Upton Heath Church of England Primary School in Cheshire were contacted by Walk for Wildlife to take part in a world record attempt for the most primary school children walking at the same time and to raise money for a wildlife charity at the same time. All the children, with the help of the School Parliament Members, had a secret vote and decided to use the opportunity to raise money for the RSPB.
Alasdair Grubb, Warden at the RSPB Dee Estuary nature reserve said: “We are proud that the children of Upton Heath chose to raise money for the RSPB. A big part of our work is about encouraging children to get outside and explore the natural world around them, so to have these children so keen to help wildlife is fantastic to see. Massive thanks go to all of the children, the adults who supported them and everyone who sponsored them. Fingers crossed for the world record.”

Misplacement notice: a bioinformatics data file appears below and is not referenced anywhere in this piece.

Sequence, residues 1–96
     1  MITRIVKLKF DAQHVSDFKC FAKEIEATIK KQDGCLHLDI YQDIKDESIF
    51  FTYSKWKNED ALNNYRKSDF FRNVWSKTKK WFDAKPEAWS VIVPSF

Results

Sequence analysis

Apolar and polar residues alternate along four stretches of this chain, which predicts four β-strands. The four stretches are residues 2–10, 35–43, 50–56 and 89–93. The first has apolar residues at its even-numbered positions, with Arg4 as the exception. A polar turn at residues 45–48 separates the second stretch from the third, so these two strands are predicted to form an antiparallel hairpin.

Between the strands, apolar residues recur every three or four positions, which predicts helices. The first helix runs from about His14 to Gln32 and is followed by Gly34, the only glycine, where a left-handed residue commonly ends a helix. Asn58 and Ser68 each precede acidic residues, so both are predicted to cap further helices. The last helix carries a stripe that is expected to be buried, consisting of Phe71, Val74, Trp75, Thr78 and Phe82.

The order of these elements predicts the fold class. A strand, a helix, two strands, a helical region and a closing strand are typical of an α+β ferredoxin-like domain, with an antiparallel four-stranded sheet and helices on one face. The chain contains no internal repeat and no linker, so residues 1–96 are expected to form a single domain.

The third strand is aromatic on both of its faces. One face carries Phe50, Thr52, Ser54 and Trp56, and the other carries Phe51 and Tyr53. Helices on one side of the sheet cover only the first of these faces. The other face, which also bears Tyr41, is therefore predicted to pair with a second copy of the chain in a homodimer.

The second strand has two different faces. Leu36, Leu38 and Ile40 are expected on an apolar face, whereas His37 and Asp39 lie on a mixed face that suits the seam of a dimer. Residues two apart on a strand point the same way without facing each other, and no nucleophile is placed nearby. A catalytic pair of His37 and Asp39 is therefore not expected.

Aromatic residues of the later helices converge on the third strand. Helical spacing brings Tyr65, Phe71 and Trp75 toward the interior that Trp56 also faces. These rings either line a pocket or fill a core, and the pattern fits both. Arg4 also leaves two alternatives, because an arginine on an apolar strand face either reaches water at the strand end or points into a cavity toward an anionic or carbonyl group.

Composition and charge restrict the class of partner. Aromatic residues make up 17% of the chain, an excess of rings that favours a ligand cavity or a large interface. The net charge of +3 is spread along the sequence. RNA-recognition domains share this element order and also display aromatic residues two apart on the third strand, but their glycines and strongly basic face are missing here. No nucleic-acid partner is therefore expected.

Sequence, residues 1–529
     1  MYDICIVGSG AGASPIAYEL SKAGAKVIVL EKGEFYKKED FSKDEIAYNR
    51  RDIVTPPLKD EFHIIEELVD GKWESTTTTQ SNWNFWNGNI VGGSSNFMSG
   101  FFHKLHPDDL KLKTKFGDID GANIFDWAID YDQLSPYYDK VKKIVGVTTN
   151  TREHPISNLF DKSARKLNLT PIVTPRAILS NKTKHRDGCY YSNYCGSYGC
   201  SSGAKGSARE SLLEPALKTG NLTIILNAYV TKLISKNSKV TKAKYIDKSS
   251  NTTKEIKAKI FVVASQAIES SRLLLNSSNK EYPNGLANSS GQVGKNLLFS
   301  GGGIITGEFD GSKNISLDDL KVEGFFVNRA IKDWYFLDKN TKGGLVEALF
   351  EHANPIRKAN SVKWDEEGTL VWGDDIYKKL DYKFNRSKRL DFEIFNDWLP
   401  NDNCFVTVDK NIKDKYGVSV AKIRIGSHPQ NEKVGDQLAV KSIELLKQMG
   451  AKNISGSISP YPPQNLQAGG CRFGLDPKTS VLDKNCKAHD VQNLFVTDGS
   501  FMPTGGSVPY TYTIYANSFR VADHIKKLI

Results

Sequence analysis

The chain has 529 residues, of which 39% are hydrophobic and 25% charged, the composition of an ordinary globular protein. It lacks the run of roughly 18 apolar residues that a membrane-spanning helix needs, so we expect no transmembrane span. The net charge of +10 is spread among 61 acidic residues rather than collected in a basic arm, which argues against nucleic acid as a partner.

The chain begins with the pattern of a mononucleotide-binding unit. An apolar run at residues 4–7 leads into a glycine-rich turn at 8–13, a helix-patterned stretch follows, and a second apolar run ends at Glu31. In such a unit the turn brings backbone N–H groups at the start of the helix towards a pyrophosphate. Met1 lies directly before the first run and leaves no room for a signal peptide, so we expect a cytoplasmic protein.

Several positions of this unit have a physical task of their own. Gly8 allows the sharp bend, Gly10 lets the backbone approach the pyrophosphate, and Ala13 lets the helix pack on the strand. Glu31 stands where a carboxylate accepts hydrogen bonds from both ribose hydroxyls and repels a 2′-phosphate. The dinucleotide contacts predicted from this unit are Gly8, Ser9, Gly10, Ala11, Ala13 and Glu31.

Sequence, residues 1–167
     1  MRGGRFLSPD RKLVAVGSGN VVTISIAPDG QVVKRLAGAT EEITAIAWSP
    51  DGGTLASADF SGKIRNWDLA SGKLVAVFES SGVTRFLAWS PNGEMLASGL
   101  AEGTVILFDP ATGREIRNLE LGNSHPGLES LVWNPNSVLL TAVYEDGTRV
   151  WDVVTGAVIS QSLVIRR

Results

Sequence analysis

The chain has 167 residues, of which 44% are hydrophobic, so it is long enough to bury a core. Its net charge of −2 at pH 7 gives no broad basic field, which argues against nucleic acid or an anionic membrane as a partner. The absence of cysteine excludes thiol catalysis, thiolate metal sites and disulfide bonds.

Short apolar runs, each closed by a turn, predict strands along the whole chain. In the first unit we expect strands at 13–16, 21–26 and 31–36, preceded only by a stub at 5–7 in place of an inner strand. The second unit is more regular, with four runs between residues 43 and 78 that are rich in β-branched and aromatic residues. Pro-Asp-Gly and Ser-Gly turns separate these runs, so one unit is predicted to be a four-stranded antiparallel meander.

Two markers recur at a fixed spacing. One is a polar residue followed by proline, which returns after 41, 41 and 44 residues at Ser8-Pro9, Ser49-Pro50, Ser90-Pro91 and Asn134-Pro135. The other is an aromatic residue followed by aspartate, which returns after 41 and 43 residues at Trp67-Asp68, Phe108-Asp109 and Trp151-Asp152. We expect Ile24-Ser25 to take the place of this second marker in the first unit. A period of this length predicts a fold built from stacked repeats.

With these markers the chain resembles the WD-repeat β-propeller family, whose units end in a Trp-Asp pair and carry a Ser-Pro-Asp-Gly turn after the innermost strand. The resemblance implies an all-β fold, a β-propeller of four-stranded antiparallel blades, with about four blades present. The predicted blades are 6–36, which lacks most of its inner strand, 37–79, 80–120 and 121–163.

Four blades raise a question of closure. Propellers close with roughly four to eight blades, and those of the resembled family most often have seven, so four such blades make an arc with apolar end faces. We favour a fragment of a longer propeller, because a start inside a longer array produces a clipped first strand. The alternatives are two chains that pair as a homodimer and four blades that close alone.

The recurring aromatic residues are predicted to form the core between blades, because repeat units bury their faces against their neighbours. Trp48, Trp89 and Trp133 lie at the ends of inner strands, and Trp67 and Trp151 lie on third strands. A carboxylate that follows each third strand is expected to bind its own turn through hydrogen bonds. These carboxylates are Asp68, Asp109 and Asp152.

The RSPB’s ambition is to help more children across the country reap the benefits of spending time outside in nature. Research has shown that children who have a healthy connection to nature are more likely to benefit from higher achievement at school, better mental and physical health, and develop stronger social skills.
With the wildlife on people’s doorsteps becoming increasingly mysterious to them, the RSPB is calling on families to spend more time outside this summer and reconnect with the nature that surrounds them by taking on the Wild Challenge.
By completing fun and engaging activities ranging from fundraising like Upton Heath primary school did, to minibeast safaris and rock pooling, as well as creating a hedgehog cafe and planting for wildlife, families can take their first steps on their own wild adventure. There are 24 activities to choose from that will take families from exploring back gardens to towns, cities, woodlands and even the coast.
To learn more about the RSPB Wild Challenge for families visit rspb.org.uk/wildchallenge To start Wild Challenge as a school visit rspb.org.uk/schoolswildchalleng